Born On The Fourth of July
Born On The Fourth of July
To even casual fans, Born on the Fourth of July has a horde of mesmerizing musical accompaniments to the powerful images Stone presented. “I had the pleasure of spending time with Ron Kovic,” Carr confessed. “I said to him, ‘We’re going to end up doing the soundtrack to your life.’ When ‘Moon River’ played in the prom [in the 1964 sequence], that’s the song he danced to. It was important to Ron and Ron was important to us in that movie. Those are the kind of things that end up being memorable because you’re making people smile, relating to the character. Ron is a beautiful man. He was so collaborative in that movie with Oliver and Tom.”

Another such fascinating music moment is when Kovic, back from war, visits his childhood girlfriend Donna, played by Kyra Sedgwick, at Syracuse University. When they enter a dining area for young people, the entertainment comes in the form of a late-1960s folk singer played by a newcomer at the time of production, 1989, Edie Brickell. “A friend of mine at the label turned me on to her,” Carr remarked. “Putting her on camera is something I had to fight for: a little moment in that movie wasn’t designed to be there, but her screen time, she earned.”

Later in the story, Kovic is suffering in his civilian life, unable to assimilate back into society. In one scene in a bar, he tries to dance, wheelchair-bound, decidedly inebriated, and having fought with another combat veteran in the establishment. The song playing becomes as definitive as the scene itself, forever linked with the scene from that moment onward: “Born on the Bayou” by Creedence Clearwater Revival. “Another song that was part of a cassette package – 12 audio cassettes that were given to Oliver and Tom prior to starting that movie,” said Carr.  “It was fun to pull those albums and make tapes and give them to everybody.”

In the case of “Bayou,” Carr credited Stone with targeting the song for the specific scene. “Oliver said, ‘I think we should use that song in the bar.’” Carr recalled.  “I cast a band out of Texas because we shot that thing in Dallas. We were supposed to do it in December – the producer said, ‘We are going to shoot it before Thanksgiving.’ I fly out, meet these guys, and they can’t sing the track. I literally laid in a vocal track for this guy to copy­. We finished the track. The band that’s in the bar is the band that plays the track. They did a great job. It felt like a bar band. It’s a lot easier to do that if they actually sang it.”

For that scene, captured during a two-day shoot, Stone saw the band in rehearsal and came to Carr with a special request. “We went through and blocked the shot. He said, ‘Teach him ‘In A Gadda Da Vida.’’ I walked outside and looked it him and said, ‘Are you serious?’ He was joking.”

In crafting the final film, Carr worked closely with picture editor David Brenner who won an Academy Award for his efforts. “David as a picture editor is one of the best music guys I ever worked with,” said Carr. “That’s a collaborative venture. Sometimes the brilliance of the picture editor is finding how to use the material. It’s always to our benefit to have picture editors who understand music.”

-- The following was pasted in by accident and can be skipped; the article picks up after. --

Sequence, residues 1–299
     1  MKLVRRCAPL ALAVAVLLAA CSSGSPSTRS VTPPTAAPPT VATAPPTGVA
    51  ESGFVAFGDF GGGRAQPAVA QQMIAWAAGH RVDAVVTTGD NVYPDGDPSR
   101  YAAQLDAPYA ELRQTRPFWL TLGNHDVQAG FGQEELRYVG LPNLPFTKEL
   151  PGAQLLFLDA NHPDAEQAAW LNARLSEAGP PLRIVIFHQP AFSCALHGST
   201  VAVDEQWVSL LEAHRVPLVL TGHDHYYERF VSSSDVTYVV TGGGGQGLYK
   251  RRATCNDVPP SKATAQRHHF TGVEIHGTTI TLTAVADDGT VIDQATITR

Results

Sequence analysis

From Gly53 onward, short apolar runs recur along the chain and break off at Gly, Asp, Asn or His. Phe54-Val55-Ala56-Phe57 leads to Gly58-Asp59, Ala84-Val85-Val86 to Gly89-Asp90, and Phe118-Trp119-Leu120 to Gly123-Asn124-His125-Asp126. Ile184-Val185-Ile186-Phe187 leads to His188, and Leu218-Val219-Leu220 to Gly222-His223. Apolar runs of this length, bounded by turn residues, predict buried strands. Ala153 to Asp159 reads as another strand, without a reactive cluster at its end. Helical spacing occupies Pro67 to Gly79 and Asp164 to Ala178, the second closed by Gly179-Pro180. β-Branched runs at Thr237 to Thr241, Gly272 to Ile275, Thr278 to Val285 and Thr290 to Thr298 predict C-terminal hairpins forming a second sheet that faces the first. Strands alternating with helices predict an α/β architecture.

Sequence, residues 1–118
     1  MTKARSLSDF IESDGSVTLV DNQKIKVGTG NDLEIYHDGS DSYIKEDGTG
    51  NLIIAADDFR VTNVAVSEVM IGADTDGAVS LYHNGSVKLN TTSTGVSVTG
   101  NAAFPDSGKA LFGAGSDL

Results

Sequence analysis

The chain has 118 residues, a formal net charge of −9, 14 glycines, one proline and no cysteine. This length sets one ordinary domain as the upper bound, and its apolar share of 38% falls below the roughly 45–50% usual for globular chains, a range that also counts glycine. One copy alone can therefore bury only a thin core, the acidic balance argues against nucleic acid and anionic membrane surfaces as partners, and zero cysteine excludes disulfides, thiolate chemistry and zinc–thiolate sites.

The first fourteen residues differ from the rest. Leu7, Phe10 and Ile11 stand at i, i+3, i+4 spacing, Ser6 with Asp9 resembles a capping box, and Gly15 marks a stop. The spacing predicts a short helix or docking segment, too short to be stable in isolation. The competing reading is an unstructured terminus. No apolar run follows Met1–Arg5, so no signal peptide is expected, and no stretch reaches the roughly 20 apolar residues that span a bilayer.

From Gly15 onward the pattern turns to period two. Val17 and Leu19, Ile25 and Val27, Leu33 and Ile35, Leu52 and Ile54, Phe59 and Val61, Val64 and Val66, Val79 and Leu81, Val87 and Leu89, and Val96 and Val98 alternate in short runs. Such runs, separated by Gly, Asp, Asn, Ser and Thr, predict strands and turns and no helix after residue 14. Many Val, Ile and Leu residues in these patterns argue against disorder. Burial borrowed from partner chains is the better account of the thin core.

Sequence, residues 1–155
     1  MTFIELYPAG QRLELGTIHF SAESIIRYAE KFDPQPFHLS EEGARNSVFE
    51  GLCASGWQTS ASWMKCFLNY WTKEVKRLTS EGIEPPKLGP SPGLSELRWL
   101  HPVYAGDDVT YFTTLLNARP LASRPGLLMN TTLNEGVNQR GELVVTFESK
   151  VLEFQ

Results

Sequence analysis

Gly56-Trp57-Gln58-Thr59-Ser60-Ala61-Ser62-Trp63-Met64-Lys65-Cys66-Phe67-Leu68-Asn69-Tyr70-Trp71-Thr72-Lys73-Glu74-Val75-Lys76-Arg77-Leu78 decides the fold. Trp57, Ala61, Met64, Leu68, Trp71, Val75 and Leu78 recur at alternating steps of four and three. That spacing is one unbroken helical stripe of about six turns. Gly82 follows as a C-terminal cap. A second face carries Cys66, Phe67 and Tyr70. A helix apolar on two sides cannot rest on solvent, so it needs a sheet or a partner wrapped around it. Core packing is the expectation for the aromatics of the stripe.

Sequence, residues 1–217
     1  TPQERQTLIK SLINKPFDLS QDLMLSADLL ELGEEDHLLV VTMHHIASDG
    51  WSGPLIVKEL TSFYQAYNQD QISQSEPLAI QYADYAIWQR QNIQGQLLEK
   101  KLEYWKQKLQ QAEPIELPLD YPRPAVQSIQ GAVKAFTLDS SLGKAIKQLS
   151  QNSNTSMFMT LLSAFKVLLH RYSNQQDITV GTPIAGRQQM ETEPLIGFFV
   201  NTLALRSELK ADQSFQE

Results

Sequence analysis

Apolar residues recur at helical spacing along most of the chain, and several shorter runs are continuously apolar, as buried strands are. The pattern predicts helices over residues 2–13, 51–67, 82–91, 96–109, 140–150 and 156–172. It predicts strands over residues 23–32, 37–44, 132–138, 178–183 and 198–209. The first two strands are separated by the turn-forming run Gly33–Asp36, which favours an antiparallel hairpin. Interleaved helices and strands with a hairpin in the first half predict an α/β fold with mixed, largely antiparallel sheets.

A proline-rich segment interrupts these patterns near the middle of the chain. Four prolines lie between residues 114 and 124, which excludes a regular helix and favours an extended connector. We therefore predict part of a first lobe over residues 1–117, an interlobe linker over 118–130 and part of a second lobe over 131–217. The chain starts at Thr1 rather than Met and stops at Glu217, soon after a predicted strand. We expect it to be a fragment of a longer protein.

Val Kilmer in The Doors
Val Kilmer in The Doors
For Stone’s next film, The Doors, the director consulted with Carr before production.

“He asked me about doing a film about Jim Morrison,” Carr recollected. “How did I think that would be perceived? On the live scenes in that movie, 85% of the vocal performances in those scenes with Val Kilmer is him singing live. In the rest of the movie, a lot of those are tracks that Val recorded. To get that role, Val did a demo tape, not only of him singing and playing, but in makeup, hair and costume. Val produced it when we were still casting that movie. He wanted that role more than anything. He did an amazing job. You have one or two experiences in your life to have an actor that committed. I had the benefit of working with Paul Rothchild and Bruce Botnick who produced the Doors albums. It’s not often that you get a chance to do it right; I think we did it right. Those are the actual Doors tracks.”

Having just finished mixing Stone’s next film, Snowden, Carr viewed a sea change from Stone’s preferred era of the 1960s to the 2010s. “There was no question that EDM music was not something you would find in Oliver’s iTunes,” Carr quipped. “Early on when we read that script, we got used to things that Ed would have been listening to in 2008 or 2011. ‘At the end of the day, I don’t understand EDM,’ Stone said. He eventually came back and really liked certain songs. The more that the director has a sense of authorship of what the music is going to do, you end up with something more than pasted on.”

Jennifer Aniston and Mark Wahlberg in Rock Star.